WASHINGTON — The Supreme Court today rejected an attempt by Lt. Col. Oliver L. North to block an investigation of his role in the Iran-Contra affair by independent counsel Lawrence E. Walsh.
The court, without comment, left intact a ruling that Atty. Gen. Edwin Meese III properly authorized Walsh to conduct the inquiry.
North, fired as a National Security Council aide after the diversion of funds from Iranian arms sales to the Nicaraguan Contra rebels was revealed, is a target of a grand jury investigation conducted by Walsh.
Walsh was given dual authority to carry out the inquiry.
He was appointed by a special three-judge court under the Ethics in Government Act, a federal law enacted in the aftermath of the Watergate scandal to permit independent investigation of high-ranking government officials.
Both Sources Attacked
Because the constitutionality of that law is under attack by North and others, Meese also separately authorized Walsh to carry out his investigation by delegating the attorney general's law enforcement powers to the independent counsel.
North attacked both sources of Walsh's authority. The U.S. Circuit Court of Appeals rejected the twin challenge last Aug. 20.
The appeals court upheld Meese's authority to delegate power to Walsh and ruled that it was premature to decide North's challenge to the Ethics in Government Act.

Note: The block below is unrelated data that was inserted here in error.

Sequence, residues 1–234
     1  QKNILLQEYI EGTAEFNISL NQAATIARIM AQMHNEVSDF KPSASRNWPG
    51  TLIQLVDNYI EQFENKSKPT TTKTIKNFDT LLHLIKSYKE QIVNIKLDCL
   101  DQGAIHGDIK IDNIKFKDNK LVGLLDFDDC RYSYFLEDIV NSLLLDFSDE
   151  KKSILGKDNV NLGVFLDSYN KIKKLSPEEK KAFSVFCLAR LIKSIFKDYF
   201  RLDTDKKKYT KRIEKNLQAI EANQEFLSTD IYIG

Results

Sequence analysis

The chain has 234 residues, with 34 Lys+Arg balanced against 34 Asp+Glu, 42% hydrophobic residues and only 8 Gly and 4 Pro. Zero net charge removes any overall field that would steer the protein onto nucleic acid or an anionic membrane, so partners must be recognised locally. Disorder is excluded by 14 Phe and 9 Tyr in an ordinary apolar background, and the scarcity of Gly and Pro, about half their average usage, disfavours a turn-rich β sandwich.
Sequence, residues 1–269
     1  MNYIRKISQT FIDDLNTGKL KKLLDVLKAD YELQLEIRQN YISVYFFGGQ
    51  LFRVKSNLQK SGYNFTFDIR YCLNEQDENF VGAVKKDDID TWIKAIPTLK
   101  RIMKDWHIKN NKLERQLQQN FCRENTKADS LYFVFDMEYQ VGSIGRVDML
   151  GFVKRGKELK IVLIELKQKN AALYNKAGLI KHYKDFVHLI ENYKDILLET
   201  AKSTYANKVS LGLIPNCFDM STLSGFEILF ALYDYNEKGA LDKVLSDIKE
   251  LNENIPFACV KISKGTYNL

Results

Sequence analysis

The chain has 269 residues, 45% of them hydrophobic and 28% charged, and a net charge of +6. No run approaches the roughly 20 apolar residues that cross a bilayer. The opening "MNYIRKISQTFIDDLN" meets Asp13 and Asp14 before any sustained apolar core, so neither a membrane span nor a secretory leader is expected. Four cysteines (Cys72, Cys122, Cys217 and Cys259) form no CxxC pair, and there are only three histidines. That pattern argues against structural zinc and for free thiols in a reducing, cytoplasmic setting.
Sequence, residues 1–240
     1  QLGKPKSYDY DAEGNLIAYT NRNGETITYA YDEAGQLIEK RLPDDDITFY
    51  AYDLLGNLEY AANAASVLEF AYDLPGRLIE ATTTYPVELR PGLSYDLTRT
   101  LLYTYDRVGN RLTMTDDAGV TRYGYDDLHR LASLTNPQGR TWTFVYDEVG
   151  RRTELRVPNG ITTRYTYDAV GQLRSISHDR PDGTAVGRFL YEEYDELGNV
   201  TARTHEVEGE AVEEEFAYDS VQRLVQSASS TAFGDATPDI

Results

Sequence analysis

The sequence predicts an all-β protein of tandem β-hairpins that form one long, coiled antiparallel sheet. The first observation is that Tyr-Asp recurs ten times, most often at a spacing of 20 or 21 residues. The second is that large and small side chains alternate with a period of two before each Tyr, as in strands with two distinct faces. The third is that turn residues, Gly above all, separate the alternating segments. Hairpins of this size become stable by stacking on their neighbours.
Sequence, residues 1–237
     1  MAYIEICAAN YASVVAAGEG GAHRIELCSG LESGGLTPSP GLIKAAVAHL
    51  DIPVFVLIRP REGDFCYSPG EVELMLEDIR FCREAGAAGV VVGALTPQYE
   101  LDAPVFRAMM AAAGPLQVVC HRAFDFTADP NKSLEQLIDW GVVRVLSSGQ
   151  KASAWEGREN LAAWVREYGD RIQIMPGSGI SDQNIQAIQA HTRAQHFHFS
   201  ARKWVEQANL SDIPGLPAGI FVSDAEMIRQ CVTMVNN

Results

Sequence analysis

The appeals court thus upheld a ruling by U.S. District Judge Aubrey E. Robinson that North is in contempt for failing to comply with a subpoena for samples of his handwriting issued by the grand jury investigating him.
After the high court's action, James Wieghart, a spokesman for Walsh's office, said, "We are pleased that any question as to the authority of this office to carry on its investigation of the Iran-Contra matter has now been laid to rest by the courts."
In December, Walsh said he expected that the grand jury would return charges sometime in February.
Other Court Decisions
The constitutionality of the Ethics in Government Act is being challenged in a separate case pending before a federal appeals court in Washington.
In other cases, the court:
--Left intact the perjury conviction of Walter L. Nixon, a federal trial judge from Mississippi. Federal prosecutors may now seek a start to his five-year prison sentence.
--Rejected a free-speech challenge to the way Los Angeles taxes businesses operating within the city. The court, citing the lack of a "substantial federal question," let stand rulings that the tax is valid even though it subjects, on a percentage basis, newspaper and magazine publishers and radio and television stations to greater taxes than it does movie producers. The city business tax was attacked in a 1984 lawsuit filed by Times Mirror Co., which publishes The Times; Tribune Newspapers West, which published the Los Angeles Daily News, and Lozano Enterprises, which publishes the daily newspaper, La Opinion.